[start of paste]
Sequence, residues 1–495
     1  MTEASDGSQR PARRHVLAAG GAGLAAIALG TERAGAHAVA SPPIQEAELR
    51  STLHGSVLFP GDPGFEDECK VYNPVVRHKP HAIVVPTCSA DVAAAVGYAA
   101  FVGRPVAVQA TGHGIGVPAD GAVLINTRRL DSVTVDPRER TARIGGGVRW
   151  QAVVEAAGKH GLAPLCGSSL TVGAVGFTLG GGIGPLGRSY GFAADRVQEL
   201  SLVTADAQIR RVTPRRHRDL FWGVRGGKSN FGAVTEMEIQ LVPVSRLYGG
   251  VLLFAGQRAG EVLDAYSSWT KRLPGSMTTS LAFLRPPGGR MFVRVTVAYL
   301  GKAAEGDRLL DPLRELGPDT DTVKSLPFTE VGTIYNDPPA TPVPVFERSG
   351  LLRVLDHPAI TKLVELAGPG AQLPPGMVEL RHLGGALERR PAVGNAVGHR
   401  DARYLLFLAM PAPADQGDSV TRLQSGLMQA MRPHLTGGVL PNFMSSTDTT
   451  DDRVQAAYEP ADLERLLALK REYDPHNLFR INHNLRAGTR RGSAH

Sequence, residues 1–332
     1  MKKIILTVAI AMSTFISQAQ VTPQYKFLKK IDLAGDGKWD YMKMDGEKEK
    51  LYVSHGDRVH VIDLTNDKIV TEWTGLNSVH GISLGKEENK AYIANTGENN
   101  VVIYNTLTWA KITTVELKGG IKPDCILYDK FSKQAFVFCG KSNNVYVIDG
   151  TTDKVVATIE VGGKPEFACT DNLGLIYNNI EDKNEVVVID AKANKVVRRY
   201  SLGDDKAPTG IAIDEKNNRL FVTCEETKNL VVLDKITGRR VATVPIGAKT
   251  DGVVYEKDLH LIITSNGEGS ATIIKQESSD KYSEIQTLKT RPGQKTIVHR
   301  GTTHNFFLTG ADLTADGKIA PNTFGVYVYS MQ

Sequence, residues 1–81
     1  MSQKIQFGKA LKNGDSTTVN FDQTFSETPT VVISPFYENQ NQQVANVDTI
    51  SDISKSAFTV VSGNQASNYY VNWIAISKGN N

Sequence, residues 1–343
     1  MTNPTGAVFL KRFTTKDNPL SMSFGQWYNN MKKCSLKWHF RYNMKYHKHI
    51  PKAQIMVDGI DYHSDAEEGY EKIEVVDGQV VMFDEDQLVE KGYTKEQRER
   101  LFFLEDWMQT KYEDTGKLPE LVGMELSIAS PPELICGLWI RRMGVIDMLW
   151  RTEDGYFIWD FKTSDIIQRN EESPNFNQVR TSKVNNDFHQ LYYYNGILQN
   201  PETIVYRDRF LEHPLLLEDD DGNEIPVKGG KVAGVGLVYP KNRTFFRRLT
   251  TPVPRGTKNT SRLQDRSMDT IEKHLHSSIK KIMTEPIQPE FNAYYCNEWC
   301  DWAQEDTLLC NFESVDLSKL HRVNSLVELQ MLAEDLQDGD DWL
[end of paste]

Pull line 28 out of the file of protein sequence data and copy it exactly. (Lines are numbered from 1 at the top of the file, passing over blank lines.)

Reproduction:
   201  PETIVYRDRF LEHPLLLEDD DGNEIPVKGG KVAGVGLVYP KNRTFFRRLT